Monthly Archives: August 2012
It has been my view for some months that all is not well in China. China is an example of the avalanche concept and is not a black swan.
The Economist (August 10) observes that “China’s balance of payments had recorded a deficit in the second quarter, for the first time since 1998”. The balance of payments records two different transactions, payments received for exported goods and services, and outgoing payments for assets. So while the exports earnings were very high, the funds leaving China to buy assets exceeded export earnings in the last quarter.
For at least a year technical analysis has provided insights into a slowing Chinese economy which has not been supported by economic data. American markets are finally showing concern about a Chinese slow down which was dismissed as recently as weeks ago. Major resource companies are now deferring new developments in the light of falling… Continue reading
It continues to surprise me that Australian investors place more emphasis on the Dow Jones index than any other overseas economic data.
Consider the following chart which compares the performance of the Dow Jones industrial index (black), the Shanghai composite (red) and the ASX200 index (blue) from a common base over a 3 year period.
It is apparent from the above chart that the Australian economy is now much more closely coupled to the Chinese economy than to the US economy. While short term moves in the Dow Jones have a strong influence on our market the primary longer term and significant influence is China as shown by the Shanghai Composite.
Perhaps more analysts should place more emphasis on the Shanghai Composite?
I always enjoy John Mauldin’s newsletter, Frontline. In his latest newsletter at:http://www.mauldineconomics.com/images/uploads/pdf/mwo081712.pdf, Mauldin draws the analogy between instabilities and complexities which lead to avalanches, and the instability on world markets. I can’t help reflecting on just how appropriate this analogy is given the current uncertainties on world markets.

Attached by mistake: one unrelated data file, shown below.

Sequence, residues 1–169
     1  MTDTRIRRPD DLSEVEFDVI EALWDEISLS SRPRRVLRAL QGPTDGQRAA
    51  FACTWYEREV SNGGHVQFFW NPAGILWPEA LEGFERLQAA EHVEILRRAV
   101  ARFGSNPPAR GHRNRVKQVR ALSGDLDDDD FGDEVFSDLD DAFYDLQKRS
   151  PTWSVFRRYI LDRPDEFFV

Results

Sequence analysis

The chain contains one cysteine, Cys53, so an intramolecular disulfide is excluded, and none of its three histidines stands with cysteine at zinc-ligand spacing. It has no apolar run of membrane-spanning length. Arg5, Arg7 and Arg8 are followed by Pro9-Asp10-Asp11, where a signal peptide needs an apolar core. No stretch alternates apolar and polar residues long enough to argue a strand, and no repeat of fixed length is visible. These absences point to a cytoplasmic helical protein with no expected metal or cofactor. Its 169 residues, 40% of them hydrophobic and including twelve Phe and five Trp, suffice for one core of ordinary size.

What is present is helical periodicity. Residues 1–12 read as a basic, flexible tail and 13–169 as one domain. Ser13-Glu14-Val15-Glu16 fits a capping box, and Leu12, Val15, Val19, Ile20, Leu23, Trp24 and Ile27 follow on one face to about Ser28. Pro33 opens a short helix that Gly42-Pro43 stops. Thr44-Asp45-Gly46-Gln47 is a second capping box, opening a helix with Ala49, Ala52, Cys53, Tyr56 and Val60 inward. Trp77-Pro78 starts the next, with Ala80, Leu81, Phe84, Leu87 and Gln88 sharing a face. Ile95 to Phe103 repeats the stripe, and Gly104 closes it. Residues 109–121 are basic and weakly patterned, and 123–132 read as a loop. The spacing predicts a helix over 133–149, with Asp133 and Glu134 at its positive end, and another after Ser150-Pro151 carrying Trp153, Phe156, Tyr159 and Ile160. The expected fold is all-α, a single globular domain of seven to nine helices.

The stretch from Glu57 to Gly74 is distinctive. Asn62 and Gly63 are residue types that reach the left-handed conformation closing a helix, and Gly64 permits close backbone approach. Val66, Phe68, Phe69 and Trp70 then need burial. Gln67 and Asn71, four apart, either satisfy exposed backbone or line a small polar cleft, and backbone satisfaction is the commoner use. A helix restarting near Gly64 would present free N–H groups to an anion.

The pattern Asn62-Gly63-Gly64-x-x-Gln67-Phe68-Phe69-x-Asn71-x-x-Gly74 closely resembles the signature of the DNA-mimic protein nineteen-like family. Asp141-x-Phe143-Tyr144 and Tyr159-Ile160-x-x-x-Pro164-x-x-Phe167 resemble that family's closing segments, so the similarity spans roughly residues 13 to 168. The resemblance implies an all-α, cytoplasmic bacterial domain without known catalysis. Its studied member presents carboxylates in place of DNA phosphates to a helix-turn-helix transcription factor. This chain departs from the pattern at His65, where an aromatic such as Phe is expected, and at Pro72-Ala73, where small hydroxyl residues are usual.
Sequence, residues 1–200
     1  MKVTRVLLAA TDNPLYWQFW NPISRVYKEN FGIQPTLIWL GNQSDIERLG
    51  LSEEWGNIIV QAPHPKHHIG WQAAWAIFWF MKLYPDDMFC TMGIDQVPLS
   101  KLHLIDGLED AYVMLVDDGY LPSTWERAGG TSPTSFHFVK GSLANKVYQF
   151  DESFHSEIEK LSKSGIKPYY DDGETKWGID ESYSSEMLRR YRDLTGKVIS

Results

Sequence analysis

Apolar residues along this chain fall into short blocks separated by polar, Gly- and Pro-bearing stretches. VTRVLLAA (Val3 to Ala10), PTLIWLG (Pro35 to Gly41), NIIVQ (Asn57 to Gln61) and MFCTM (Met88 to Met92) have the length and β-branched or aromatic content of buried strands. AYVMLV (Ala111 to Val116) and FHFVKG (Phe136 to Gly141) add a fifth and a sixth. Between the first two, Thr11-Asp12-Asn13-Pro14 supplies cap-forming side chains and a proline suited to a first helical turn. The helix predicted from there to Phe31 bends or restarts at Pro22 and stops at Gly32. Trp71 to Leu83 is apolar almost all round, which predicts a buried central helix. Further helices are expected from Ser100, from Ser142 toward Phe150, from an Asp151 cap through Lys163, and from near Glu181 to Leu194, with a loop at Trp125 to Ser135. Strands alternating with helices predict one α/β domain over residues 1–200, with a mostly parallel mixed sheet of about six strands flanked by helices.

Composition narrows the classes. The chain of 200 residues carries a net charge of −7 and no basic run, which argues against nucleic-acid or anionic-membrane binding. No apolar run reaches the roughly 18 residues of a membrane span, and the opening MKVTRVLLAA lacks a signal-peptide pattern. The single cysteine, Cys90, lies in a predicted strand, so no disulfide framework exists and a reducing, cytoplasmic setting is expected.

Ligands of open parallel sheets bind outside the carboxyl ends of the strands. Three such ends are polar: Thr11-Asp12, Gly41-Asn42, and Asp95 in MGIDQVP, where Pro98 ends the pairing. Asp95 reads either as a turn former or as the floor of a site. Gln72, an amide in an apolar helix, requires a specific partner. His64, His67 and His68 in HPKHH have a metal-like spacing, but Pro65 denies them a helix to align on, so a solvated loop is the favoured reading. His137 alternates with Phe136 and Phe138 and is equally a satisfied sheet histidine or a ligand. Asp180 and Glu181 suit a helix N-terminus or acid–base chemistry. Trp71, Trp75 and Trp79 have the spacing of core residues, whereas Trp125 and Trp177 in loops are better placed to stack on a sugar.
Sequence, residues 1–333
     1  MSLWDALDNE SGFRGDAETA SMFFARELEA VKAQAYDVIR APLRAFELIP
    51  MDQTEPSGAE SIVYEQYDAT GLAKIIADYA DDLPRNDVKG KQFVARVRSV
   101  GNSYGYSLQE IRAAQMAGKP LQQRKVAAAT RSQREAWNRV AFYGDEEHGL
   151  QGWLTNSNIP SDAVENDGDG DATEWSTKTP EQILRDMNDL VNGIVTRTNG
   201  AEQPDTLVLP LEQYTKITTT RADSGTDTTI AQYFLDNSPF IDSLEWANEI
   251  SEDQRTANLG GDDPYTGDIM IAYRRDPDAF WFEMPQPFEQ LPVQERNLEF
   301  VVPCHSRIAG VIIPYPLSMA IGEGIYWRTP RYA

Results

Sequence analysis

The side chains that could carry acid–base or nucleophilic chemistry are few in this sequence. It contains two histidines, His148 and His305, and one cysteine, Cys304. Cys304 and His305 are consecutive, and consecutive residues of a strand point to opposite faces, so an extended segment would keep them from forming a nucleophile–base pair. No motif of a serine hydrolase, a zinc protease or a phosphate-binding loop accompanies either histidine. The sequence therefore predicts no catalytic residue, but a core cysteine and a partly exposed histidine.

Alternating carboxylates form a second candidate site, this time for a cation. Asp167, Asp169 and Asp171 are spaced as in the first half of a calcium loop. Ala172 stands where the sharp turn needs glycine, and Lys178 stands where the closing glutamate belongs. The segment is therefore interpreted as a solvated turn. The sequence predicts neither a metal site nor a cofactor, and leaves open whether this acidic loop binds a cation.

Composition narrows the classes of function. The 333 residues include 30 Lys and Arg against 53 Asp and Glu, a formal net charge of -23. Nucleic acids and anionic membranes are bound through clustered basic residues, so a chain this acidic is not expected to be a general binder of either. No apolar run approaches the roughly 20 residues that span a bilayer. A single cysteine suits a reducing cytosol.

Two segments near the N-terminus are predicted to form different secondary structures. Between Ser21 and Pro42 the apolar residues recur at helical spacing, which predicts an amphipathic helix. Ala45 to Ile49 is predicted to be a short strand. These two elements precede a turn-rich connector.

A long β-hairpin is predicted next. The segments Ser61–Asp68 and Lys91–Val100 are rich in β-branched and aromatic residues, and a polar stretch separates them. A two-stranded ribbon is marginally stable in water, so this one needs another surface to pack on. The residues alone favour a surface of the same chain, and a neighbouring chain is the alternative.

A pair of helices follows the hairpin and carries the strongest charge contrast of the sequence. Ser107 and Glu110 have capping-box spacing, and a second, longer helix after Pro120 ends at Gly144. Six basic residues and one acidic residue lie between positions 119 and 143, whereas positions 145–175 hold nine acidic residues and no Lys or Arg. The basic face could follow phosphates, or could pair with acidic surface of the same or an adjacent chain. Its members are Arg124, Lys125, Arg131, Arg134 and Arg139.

While we continue to talk of the US market, the UK market, the German market etc., it is perhaps now more appropriate to think of a world market. While there will always be regional and sovereign differences in markets, with the advent of modern communication, interdependence of trade and rapid transfer of capital, the world market concept is more appropriate.
In the event of a significant incident in any one major economy, the effects are quickly felt across the world in all markets. Today it is entirely possible that a market changing event could… Continue reading
Investing is not easy. At the moment we have an apparent start to a new bull market at a time when world fundamentals are very difficult to interpret. There may or may not be a slowdown in China, Europe is a sinking ship; the US is weighed down by debt and political indetermination and there is the potential for a war in the Middle East. How does an investor interpret these events and have the confidence to invest?
As investors we need to keep things in perspective and it is a matter of looking at the long term performance of our stock market which has grown at about 12% per annum over the very long term. While in the short term there are some doubts, in the long term the market is likely to continue to perform at these rates and continue to outperform cash, bonds and… Continue reading
I noted this very interesting item on China from The Economist. In the second quarter China recorded a deficit in its balance of payments for the first time since 1998. This means that more money is leaving China than is arriving. Balance of payments records two things, payments for exported goods and services and payments for assets. So while the exports earnings were very high, the funds leaving China to buy assets elsewhere, exceeded export earnings in the last quarter.
According to The Economist, the reason for this is that many of China’s very rich are leaving the country (and many intend doing so in the future) and also they are buying overseas assets.